Accordingly, while a number of anti-sway approaches apply to cranes wherein the motion of the load suspension point is constrained to a straight, horizontal line, no such law has been previously applied successfully to rotating-boom or other three-degree-of-freedom systems, where the pendulum swings in three dimensions rather than two.
It is an object of the present invention to provide a system to control three-dimensional suspension-point accelerations such that the reference velocity is met exactly, hoist-induced sway is fully corrected, and externally-induced sway can be removed, within constraints imposed by crane structure, motor capabilities, and load weight.
Another object of the present invention is a safe control for minimizing sway in movement of loads by a rotating-boom crane.
A further object of the present invention is an automated, anti-sway control system for rotating-boom cranes that can be co-controlled by the crane operator, can be overridden by the crane operator, and is also capable of being operated in the manual mode by the crane operator.
According to the present invention the foregoing and additional objects are attained by providing a process to govern the motion of a suspension point from which a load is suspended, by cables or other means, at a variable height, either with or without motion of the crane platform, in such a manner as to meet load velocity and position objectives without pendulum motion ("sway") of the load. In the absence of a load, the process of the present invention controls the suspension point so as to meet velocity and position objectives for the load attachment mechanism, without sway.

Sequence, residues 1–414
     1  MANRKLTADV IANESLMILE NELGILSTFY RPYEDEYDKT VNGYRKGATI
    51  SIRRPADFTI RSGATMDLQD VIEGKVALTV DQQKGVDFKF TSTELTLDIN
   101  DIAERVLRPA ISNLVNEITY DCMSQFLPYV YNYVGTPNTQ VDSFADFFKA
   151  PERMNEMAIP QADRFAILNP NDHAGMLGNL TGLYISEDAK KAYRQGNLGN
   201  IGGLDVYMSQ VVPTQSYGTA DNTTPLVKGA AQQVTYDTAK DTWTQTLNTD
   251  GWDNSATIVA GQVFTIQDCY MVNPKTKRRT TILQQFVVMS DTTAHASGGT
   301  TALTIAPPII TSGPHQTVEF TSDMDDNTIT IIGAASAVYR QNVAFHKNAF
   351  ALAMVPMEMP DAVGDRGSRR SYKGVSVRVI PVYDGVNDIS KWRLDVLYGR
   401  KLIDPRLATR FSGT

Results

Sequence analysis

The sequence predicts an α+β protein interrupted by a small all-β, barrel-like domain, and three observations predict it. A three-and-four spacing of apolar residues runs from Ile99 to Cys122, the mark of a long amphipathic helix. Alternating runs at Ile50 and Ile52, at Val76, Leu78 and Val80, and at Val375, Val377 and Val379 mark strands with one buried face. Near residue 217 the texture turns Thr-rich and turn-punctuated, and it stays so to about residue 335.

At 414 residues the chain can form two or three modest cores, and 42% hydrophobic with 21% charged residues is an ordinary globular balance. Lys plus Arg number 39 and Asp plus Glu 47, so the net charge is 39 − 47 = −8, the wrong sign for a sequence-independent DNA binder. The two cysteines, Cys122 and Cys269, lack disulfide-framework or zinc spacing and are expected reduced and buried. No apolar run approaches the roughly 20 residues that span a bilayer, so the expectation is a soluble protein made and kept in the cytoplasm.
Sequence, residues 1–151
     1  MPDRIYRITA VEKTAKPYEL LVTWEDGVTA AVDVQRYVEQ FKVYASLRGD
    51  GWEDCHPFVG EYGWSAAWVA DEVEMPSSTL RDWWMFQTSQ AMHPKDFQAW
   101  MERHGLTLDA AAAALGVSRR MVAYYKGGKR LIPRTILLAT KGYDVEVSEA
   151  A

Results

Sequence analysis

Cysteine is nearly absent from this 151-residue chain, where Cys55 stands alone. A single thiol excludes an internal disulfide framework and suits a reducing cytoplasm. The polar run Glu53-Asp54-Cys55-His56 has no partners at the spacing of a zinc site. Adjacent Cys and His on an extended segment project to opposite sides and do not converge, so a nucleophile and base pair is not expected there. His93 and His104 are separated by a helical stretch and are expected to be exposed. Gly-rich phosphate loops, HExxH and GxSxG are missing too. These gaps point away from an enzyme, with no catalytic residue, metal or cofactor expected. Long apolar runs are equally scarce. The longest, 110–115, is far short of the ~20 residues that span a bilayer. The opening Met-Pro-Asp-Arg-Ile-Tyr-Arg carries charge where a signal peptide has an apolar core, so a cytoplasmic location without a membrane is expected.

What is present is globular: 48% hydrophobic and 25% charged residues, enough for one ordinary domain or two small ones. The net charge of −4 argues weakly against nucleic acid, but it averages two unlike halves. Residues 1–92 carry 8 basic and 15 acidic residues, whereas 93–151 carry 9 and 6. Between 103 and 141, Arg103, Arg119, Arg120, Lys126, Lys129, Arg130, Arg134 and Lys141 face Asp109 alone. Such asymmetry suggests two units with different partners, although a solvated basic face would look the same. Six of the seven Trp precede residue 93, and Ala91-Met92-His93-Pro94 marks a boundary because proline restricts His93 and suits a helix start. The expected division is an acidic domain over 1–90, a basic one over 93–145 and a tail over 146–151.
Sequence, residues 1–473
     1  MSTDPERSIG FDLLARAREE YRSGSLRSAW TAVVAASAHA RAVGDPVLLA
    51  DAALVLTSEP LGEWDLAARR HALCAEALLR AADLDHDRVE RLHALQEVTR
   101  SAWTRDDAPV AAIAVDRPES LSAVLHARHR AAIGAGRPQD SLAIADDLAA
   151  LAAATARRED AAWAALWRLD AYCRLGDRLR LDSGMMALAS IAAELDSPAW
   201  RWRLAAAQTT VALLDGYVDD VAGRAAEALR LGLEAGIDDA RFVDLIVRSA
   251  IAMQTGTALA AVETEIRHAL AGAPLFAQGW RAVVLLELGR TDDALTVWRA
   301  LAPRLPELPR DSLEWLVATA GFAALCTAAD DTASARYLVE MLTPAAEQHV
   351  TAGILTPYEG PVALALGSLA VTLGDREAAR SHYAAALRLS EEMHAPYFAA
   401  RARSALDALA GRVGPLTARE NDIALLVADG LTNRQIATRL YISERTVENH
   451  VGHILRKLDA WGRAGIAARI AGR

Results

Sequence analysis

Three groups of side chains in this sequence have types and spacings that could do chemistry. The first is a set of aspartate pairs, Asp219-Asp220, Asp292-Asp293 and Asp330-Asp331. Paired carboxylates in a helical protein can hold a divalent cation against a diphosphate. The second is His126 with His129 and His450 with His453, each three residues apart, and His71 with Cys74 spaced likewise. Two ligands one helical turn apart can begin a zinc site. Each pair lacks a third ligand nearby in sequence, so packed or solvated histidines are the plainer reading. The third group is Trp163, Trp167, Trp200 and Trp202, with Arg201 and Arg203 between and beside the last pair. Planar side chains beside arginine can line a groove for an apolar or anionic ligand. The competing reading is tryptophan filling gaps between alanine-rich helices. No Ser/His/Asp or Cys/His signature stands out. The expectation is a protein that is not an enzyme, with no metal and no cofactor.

A more complete appreciation of the invention and many of the attendant advantages thereof will be better understood when considered in connection with the accompanying drawings wherein:
FIG. 1 is a schematic representation of a rotating-boom crane employed in the process of the present invention;
FIG. 2 is a schematic representation of a control system employed in the process of the present invention to control sway in the example crane shown in FIG. 1; and
FIGS. 3a-3e illustrate a sequence of horizontal orbits of a free swinging load suspended from the crane of FIG. 1 during a sequence of boom-tip accelerations using the anti-sway process of the present invention.